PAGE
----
Some drawings  of a Progress of Death are at once spontaneous in handling and also in conception. Death forgets his nature (or, perhaps, remembers it) in love, and with youth - Death becomes an enchanter in the music of church service. Here we would instance one marvellously tender drawing, a musician playing to a crowd, that in its admirable rendering of poise and gesture, and in some kindred undercurrent of thought, would seem to belong to this set of Death and the passing of things.

If, glancing round the walls, one is tempted to define the peculiar excellence of the work shown here, an essential quality forces itself upon our attention that makes a difference between the incalculably rich in art and the very poor - the difference between Puvis and Burne-Jones on the one hand and workers with loud recent reputations on the other. That quality is design - design underlying the initial impulse. These designs were remarkable, worth the doing, before they were actually carried out, and the gifts of a rare temperament have been controlled to retain and enhance them. Mr. R.A.M. Stevenson, in his sympathetic note to the Catalogue, quotes le père Corot in support of those powers of memory, that independence of models which separates the master from the workman. This should be insisted upon, for in showing this independence M. Legros has only followed what has been the almost universal practice of artists from Giotto to Tiepolo.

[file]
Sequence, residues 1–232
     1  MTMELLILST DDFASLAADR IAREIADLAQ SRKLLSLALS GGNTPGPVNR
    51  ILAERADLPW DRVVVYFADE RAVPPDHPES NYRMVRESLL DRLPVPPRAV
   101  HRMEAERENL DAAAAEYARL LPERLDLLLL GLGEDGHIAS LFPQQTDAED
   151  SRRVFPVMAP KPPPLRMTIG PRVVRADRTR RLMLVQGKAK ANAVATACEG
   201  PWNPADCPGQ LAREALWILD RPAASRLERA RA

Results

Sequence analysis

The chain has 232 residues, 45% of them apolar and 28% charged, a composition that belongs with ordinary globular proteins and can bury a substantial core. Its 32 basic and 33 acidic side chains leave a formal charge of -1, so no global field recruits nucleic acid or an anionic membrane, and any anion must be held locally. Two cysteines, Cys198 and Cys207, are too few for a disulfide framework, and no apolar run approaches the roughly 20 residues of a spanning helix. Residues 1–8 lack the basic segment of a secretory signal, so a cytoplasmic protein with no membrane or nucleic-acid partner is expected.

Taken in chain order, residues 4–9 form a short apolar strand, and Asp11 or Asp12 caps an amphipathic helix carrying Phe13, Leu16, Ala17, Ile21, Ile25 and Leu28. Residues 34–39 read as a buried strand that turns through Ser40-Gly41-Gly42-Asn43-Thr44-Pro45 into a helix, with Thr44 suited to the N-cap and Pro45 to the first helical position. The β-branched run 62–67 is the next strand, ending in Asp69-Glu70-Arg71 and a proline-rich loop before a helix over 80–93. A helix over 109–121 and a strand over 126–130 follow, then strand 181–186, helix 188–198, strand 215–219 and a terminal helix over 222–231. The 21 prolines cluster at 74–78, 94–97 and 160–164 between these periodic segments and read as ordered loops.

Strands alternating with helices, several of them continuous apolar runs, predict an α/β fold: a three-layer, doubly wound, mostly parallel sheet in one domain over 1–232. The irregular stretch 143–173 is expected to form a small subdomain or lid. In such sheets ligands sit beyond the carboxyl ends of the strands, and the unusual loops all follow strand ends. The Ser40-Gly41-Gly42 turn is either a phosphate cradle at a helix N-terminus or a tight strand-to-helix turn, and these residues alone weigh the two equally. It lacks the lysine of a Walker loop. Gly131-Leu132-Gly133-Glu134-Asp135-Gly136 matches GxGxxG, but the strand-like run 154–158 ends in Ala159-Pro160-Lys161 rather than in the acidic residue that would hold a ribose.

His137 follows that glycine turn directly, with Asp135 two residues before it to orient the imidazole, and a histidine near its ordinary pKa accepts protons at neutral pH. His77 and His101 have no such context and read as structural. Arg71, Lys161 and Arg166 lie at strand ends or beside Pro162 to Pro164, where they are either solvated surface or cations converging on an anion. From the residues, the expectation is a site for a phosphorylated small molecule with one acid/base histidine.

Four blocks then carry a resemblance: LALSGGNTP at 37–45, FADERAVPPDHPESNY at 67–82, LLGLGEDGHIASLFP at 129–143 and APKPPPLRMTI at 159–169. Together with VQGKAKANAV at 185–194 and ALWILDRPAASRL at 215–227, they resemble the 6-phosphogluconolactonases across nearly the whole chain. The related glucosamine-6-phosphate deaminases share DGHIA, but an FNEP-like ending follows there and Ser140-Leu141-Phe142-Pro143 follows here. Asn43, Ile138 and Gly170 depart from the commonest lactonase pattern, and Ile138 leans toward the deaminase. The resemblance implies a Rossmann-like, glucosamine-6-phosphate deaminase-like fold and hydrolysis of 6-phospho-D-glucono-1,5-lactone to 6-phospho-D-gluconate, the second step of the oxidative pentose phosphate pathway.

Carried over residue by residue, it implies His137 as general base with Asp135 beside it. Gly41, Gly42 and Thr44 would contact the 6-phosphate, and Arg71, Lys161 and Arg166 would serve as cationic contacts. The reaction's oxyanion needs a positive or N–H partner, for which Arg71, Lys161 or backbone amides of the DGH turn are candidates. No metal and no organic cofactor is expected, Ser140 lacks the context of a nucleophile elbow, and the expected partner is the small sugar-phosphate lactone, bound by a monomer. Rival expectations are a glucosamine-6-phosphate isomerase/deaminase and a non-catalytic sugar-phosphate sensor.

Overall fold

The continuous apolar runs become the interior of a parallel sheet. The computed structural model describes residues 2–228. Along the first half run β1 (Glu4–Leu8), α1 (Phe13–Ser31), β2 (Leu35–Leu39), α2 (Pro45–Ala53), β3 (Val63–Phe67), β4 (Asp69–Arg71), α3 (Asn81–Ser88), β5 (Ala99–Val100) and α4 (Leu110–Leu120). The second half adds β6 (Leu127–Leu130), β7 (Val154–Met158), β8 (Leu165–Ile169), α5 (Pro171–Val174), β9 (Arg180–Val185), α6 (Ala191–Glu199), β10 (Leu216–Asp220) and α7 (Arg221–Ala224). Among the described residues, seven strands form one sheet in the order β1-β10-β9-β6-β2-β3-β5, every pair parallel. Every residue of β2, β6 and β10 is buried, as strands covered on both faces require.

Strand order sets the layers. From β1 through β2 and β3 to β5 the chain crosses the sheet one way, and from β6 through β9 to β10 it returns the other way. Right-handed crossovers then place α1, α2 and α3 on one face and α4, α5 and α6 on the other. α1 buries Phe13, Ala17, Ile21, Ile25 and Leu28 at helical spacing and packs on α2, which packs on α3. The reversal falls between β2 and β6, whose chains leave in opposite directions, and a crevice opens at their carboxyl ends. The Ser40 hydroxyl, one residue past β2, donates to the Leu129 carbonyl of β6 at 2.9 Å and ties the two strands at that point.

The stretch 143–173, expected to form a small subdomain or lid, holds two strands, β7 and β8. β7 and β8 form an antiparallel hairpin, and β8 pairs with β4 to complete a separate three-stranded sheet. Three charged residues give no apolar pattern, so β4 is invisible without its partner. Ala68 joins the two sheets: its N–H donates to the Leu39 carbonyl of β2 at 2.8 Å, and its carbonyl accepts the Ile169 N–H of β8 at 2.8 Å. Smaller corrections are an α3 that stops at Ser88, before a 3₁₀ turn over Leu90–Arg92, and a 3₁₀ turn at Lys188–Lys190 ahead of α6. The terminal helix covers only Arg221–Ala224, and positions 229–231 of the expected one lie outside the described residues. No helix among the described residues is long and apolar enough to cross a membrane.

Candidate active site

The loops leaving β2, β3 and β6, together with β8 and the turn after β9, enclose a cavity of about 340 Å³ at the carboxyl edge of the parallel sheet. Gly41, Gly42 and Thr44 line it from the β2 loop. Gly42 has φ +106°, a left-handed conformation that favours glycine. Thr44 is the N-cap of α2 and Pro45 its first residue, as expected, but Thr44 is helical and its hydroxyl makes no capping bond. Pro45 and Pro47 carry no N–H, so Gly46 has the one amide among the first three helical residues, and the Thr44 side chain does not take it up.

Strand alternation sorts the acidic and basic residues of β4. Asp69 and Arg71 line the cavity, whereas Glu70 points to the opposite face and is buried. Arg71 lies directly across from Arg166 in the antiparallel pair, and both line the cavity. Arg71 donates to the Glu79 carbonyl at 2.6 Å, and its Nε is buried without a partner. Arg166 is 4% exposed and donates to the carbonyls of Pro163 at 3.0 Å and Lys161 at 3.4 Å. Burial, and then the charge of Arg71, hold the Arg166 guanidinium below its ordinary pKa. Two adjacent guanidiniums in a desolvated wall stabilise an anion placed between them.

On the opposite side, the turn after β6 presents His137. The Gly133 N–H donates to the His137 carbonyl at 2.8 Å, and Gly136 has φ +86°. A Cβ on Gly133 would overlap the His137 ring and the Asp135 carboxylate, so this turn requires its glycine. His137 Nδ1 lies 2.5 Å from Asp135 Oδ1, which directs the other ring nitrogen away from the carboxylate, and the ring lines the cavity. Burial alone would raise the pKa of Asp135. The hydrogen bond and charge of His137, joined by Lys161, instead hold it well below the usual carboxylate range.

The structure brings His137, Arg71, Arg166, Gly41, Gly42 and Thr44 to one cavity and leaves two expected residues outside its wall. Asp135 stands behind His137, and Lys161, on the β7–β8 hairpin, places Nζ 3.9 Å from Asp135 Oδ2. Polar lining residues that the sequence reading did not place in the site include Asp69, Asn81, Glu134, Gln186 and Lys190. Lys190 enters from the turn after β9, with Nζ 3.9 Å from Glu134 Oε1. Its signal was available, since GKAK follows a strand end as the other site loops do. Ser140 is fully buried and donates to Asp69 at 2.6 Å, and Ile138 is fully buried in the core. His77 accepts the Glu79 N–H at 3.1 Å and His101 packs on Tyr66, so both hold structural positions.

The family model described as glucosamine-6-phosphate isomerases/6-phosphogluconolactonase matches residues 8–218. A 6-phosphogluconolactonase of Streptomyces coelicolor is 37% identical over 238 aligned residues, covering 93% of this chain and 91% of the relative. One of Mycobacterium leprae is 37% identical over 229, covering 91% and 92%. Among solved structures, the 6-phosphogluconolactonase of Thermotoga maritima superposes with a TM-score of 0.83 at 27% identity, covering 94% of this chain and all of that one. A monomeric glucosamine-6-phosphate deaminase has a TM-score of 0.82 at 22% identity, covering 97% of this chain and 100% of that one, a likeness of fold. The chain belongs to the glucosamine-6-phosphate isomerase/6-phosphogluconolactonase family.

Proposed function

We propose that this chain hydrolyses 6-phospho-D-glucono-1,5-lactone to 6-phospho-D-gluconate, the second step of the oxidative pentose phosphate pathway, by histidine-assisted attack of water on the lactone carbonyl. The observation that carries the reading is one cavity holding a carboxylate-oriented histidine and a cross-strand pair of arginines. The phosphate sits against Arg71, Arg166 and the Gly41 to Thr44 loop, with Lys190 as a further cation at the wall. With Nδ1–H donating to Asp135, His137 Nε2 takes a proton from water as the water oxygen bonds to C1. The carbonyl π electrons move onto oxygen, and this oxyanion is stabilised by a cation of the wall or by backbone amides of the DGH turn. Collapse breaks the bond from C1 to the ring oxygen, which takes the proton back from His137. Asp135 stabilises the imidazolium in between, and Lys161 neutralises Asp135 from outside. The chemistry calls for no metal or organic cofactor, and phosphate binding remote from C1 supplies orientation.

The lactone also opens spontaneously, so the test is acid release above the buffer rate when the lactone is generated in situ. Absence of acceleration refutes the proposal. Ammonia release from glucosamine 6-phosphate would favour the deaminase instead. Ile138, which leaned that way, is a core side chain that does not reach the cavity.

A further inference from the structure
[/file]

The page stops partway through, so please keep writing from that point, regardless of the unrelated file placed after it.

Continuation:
A Burgundian by birth, M. Legros adds to a study of great students in art, such as Raphael, Mantegna, and Poussin, that native raciness of observation found in the realistic sculptors of Burgundy and the mediaeval painter Foucquet. In Burgundy the Roman brick is still turned up in the hoeing of the old vine soil, and, like that of his compatriot, M. Puvis de Chavannes, the work of M. Legros is tinged with an element of breeding, an element of antique taste, the heritage of a race that was civilized more than a thousand years ago. With much that is excellent in French art he combines the faculties of the sculptor, and so we find here medals that would have charmed Matteo da Pasti, and a torso that might have been found at Arles, Nîmes, or Vaucluse. We are told that sculpture can no longer find room in our spaceless houses, yet these medals that might go down to our children as evidences of our own refinement may be held in the hollow of a hand, the frail torso could be niched anywhere.

A contemporary of Manet, Faintin, and Degas, owing to a great precocity his début as an artist belongs to the year in which Millet exhibited "Les Glâneuses" and Courbet began to attract attention. Though in the course of years, like Puvis de Chavannes, he might have achieved a tardy reputation in France, it is in England that he has chosen to remain, and it is here that he won the friendship and admiration of such men as Watts and Rossetti.
                                                                                     Charles Ricketts

Charles Ricketts, 'Legros', in: The Saturday review, 17 April 1897, p. 406-407 [review of an exhibition at the Dutch Gallery, London, April-May 1897].
Catalogue of the Exhibition of pictures, watercolour drawings & etchings of Alphonse Legros (1897) (page xiii)